“When our Committee heard about this program, we felt a need to do what we could to show our support for all of the men and women that won’t get to spend Christmas with their families,” said Peterson. “No matter what your feelings are about the war, the soldiers need to know that there are people at home who care about them and who are proud of the work they are doing,” added Chapman.

Lockheed Martin Remembers

The campaign to build the Vietnam Veterans Memorial Center in Washington, D.C. moved significantly closer to its financial goal recently with a sizeable donation from the Bethesda, MD-based Lockheed Martin Corporation.
When completed, the Memorial Center will serve as a visitors center for the nearby Vietnam Veterans Memorial and display some of the 100,000 letters, photos and personal items left by visitors at the black granite wall.

“Lockheed Martin understands the importance of this project and their generosity deserves to be commended,” said IAM International President Tom Buffenbarger, an advocate for the memorial since it was first proposed. “Twenty-five years have passed since the Vietnam Veterans Memorial first opened and the time has come to provide context for new generations of visitors.”

Groundbreaking for the Memorial Center is expected in 2010, with construction completed approximately 18 months after that. For more information about the Center, visit

Grand Lodge Sets Holiday Closing

IAM Headquarters will be closed for the Holidays from Friday, December 21, 2007, until 8:00 a.m. on Wednesday, January 2, 2008. Best wishes to all for a wonderful Holiday Season and a Happy New Year.

$25,000 Giveaway from Union Sportsmen’s Alliance

An 18 ft. Triton Bass Boat and IAM-built Mercury 90 HP motor will be the top prize in an upcoming give-away from the Union Sportsmen’s Alliance (USA).
The Made-in-America boat and motor combination, valued at $25,000, is the latest in a series of promotions from USA that rewards members with gifts and travel packages.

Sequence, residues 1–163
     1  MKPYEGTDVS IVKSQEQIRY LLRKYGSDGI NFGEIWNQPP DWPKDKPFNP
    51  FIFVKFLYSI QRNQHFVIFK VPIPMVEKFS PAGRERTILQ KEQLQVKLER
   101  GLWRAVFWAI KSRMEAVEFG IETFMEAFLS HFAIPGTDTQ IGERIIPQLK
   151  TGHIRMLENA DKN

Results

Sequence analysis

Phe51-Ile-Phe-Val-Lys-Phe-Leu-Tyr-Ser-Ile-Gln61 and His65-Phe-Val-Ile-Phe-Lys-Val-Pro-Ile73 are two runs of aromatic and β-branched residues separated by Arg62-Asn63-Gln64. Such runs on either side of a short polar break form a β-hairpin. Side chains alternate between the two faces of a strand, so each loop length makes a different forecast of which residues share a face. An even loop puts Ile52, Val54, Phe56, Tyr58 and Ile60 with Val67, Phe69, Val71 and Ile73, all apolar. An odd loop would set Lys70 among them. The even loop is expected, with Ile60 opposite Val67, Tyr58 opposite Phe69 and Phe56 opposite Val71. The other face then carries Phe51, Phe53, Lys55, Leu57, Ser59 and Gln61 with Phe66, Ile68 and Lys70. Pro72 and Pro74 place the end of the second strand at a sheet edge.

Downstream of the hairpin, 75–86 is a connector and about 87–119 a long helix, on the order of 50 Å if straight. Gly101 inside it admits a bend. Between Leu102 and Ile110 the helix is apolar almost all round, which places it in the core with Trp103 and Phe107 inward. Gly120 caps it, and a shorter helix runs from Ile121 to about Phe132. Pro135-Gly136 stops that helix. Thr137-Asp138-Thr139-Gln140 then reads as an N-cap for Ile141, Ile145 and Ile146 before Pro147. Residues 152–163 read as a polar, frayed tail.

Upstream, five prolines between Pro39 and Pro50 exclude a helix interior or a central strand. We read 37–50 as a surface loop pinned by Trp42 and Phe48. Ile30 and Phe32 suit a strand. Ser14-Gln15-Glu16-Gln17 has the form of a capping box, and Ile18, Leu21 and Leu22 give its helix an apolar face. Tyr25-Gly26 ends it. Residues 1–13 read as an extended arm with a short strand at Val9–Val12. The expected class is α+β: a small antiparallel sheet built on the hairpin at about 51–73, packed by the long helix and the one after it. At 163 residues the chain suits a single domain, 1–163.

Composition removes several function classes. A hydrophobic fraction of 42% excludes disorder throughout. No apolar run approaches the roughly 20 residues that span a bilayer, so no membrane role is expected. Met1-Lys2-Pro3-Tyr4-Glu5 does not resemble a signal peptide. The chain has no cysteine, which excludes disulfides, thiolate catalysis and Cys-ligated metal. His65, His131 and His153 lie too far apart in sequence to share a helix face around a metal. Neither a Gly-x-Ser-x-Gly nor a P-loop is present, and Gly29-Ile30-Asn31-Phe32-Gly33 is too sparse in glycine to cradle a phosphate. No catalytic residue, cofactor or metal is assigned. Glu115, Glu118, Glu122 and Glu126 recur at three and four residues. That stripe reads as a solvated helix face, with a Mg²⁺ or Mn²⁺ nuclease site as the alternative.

To be eligible to win, a union member must be a member of the Union Sportsmen’s Alliance, which they can join online at or call toll free at 877-USA-2211, for a nominal fee of $25 a year. USA is a creation of the Theodore Roosevelt Conservation Partnership (TRCP), an organization dedicated to preserving access to hunting and fishing opportunities for union sportsmen and women.

Santa Spotted in North Carolina

IAM member William (Cotton) Erskine is a busy man. In addition to delivering new vehicles for Auto Truck Transport and serving as Secretary-Treasurer of Local 641 in Cleveland, North Carolina, Erskine also finds time to dress up as Santa Claus and deliver Christmas cheer to children and the community.

“I’ve been a professional clown and storyteller for years,” says Erskine, who has given performances in local churches and Sunday Schools. “As my hair got whiter and the beard got longer, being Santa came naturally for me.”

Each year, beginning in October, Cotton Santa can be found posing for pictures at local malls where he makes a point to spend five to ten minutes talking and listening to each child. This year, Santa is especially looking forward to Christmas Eve, when he plans to spend the day and evening with children in three area hospitals.

U.S. Truckers Catch a Break

As part of an omnibus spending bill passed by the House this week, funding for the Department of Transportation’s pilot program to allow more than 100 Mexican trucks to travel freely within the United States has been cut.

Mexican trucking firms were supposed to get access to U.S. highways years ago under the original North American Free Trade Agreement (NAFTA), but the Clinton administration limited their access to a small zone at large border crossings where shipments were transferred to U.S. trucks. The restrictions were in place largely because of concerns over an adequate safety-inspection program to certify that all trucks coming across the border meet U.S. safety standards.